At the same time, Novell also announced the commercial availability of the SUSE Linux Enterprise Virtual Machine Driver Pack. This is a bundle of Xen-compatible para-virtualized network, bus, and block device drivers that enable unmodified Windows and Linux guest operating systems to run with near-native performance in virtual environments on systems with Intel VT (virtualization technology) and AMD-V (virtualization) chip sets.
Some of this improved virtualization technology is now available for both the desktop, SLED, as well as the server, SLES. Novells Xen can run unmodified Windows Server 2003 R2, Windows Server 2000, Windows XP, Vista, and Red Hat Enterprise Linux 4/5 as clients, according to the company. VMware virtualization products are also supported on SLED, both as host and as a guest, including VMware Workstation, Server, Player.
SUSE Linux Enterprise 10 SP1 also includes updated high-availability storage infrastructure and support for new processor technologies, including quad-core Intel Xeon and quad-core AMD Opteron processors, Novell said.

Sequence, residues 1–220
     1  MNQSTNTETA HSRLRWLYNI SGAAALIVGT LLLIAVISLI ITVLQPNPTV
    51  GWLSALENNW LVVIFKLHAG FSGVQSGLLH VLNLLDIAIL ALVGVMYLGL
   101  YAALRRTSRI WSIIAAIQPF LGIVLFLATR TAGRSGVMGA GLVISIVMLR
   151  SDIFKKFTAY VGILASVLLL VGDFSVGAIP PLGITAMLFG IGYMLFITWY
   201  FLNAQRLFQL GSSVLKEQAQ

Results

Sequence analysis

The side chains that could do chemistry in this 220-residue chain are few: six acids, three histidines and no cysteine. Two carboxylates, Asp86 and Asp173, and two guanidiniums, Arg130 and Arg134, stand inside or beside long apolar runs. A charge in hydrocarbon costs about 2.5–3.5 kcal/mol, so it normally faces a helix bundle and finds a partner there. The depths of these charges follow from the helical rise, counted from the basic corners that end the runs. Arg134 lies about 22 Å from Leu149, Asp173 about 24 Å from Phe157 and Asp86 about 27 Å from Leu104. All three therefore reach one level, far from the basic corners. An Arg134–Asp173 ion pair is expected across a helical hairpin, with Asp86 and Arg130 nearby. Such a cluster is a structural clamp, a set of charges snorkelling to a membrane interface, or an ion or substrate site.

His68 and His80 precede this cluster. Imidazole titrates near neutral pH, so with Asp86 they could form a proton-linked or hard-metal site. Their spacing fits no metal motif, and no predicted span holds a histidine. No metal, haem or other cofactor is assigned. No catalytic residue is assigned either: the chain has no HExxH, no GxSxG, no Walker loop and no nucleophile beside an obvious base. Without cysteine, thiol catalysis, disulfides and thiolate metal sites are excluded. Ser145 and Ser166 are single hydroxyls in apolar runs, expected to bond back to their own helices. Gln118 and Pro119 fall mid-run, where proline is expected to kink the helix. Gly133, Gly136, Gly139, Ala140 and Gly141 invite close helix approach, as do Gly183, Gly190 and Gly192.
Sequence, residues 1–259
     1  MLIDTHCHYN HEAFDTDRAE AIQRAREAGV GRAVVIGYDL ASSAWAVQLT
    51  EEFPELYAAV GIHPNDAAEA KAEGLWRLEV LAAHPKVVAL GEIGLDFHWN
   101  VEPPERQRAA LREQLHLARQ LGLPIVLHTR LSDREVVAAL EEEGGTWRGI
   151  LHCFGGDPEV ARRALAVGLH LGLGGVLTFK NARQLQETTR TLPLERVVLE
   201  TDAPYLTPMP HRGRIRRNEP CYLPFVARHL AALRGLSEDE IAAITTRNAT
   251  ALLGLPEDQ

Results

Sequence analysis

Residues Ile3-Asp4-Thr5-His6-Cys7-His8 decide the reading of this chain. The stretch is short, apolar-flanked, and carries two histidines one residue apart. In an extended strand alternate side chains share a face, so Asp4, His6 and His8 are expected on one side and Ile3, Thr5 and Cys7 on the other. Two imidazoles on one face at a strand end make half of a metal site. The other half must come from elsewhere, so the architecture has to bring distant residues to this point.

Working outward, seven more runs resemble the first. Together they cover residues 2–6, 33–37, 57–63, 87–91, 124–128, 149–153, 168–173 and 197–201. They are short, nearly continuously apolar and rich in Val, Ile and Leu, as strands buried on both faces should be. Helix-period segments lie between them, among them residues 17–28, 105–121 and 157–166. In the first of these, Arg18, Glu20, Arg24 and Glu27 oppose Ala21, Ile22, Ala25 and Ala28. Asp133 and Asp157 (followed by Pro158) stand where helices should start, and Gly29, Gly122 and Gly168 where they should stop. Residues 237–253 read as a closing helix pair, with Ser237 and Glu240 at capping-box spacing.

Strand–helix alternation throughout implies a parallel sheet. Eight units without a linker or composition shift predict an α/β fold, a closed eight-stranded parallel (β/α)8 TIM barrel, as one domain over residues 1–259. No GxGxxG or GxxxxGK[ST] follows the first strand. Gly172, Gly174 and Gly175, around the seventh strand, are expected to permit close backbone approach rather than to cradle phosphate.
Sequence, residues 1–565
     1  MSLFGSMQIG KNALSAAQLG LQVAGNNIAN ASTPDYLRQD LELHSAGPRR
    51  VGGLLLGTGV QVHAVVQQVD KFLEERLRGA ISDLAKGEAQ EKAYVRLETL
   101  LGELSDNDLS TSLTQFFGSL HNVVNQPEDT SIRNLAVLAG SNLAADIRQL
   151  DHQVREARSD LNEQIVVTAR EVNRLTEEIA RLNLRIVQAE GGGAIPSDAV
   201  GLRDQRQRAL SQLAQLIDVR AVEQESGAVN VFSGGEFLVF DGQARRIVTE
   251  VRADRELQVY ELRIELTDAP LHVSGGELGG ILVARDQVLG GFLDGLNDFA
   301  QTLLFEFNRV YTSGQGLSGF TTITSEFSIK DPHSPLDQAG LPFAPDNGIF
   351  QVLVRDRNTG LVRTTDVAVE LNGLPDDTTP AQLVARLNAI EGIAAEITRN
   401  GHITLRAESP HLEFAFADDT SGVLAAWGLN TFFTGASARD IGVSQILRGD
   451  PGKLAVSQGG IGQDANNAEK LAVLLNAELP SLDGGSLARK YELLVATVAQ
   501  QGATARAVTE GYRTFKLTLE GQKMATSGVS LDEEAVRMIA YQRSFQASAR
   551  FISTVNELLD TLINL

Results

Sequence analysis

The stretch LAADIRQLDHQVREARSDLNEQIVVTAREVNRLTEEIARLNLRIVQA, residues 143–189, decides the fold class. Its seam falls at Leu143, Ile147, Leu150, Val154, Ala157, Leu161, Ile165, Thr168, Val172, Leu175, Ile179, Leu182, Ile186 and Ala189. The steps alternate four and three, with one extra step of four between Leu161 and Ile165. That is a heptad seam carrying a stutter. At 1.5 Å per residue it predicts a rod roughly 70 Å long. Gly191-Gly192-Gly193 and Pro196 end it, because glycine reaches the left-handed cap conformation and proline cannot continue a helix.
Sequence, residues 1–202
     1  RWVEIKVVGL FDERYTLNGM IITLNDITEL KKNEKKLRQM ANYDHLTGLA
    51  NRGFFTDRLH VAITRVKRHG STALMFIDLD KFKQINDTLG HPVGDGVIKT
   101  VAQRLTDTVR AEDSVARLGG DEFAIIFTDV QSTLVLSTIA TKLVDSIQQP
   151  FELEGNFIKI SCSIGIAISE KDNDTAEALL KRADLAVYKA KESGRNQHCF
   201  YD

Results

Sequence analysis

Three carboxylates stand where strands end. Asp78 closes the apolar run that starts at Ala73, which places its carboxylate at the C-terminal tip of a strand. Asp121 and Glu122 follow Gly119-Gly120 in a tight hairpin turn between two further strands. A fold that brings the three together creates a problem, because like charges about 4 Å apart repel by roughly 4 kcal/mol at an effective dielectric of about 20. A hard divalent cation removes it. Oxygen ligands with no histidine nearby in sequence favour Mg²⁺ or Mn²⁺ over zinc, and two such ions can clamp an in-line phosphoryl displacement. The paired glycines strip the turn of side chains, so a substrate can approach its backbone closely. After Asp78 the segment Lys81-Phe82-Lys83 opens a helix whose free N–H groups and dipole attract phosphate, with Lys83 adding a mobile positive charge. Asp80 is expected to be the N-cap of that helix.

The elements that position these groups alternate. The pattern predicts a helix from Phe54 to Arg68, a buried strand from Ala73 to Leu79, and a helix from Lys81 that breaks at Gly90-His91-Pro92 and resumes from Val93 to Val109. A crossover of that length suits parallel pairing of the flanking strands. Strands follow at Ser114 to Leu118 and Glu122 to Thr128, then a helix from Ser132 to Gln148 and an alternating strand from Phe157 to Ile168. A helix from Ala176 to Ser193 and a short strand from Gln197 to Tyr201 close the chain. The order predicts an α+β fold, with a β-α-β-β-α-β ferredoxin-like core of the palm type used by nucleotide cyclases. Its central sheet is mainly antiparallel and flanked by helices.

For improved security, SP1 also includes home directory and partition encryption, the company added. System administrators are also able to bar SLED users from unlimited access to system functionality with the desktop lockdown tool, Sabayon (not to be confused with the Italian Linux distribution, Sabayon). This tool gives managers granular control over what desktop elements are available for end users. For example, you can restrict system access with it.